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Title: Entirely Necessary, but not a Part
Subtitle: Aquinas on Virtue and Perfect Happiness
Author(s): STENBERG, Joseph L.
Journal: Recherches de Théologie et Philosophie Médiévales
Volume: 84    Issue: 1   Date: 2017   
Pages: 75-105
DOI: 10.2143/RTPM.84.1.3212076

Abstract :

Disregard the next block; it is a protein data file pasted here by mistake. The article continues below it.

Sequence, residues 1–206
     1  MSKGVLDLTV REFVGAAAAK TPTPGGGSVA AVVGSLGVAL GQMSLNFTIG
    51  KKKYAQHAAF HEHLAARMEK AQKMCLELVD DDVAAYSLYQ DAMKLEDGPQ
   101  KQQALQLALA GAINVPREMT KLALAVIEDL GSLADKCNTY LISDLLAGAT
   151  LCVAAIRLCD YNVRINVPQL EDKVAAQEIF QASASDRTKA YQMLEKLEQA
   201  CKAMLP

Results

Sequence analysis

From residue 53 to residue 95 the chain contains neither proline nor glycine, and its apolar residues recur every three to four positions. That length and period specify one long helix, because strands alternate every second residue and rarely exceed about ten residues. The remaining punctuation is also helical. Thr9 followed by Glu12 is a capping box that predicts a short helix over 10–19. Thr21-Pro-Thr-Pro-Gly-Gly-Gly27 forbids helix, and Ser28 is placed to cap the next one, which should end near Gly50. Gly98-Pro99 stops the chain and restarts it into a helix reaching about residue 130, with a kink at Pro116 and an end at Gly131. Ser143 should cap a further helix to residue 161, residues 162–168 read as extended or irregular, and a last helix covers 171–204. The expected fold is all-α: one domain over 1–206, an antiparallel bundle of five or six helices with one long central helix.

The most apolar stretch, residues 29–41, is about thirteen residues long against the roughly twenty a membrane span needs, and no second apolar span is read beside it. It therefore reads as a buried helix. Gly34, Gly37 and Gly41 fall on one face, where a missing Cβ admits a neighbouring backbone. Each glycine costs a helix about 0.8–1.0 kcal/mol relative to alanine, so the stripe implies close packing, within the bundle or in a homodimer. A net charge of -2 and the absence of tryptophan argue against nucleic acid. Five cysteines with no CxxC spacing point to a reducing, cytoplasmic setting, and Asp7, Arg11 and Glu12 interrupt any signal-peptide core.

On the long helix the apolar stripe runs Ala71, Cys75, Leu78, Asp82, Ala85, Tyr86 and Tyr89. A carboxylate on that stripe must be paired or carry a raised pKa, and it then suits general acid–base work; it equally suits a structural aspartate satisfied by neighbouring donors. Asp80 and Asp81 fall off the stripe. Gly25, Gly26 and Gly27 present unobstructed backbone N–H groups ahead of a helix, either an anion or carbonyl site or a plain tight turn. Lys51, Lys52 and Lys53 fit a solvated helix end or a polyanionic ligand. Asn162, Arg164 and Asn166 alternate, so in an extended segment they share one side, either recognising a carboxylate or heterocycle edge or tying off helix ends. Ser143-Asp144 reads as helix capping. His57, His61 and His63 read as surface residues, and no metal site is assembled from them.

Thomas Aquinas maintains that one must be virtuous in order to be happy. Broadly speaking, one might hold to that claim either because one takes virtue to be a constituent of happiness or because one takes virtue to be a kind of necessary instrument without which one could not obtain happiness. In trying to determine which of these paths Aquinas takes, one will be importantly influenced by how one understands his account of happiness. So, in this essay, I outline two interpretations of Aquinas’s views concerning what perfect happiness most fundamentally is. According to the first, which I call 'the actualization account', Aquinas treats perfect happiness as most fundamentally a matter of complete actualization. According to the second reading, which I call the knowing-and-enjoying account, Aquinas treats perfect happiness as most fundamentally a matter of knowing and enjoying God in God’s essence forever. I briefly argue that we ought to prefer the second of these readings. More centrally, I argue that some have been misled by the actualization account into thinking that, according to Aquinas, virtue is a constituent of perfect happiness. I then spend the bulk of the essay arguing that, in fact, Aquinas treats virtue as necessary for perfect happiness only because it is a kind of necessary instrument that makes possible the sort of activity in which perfect happiness consists.

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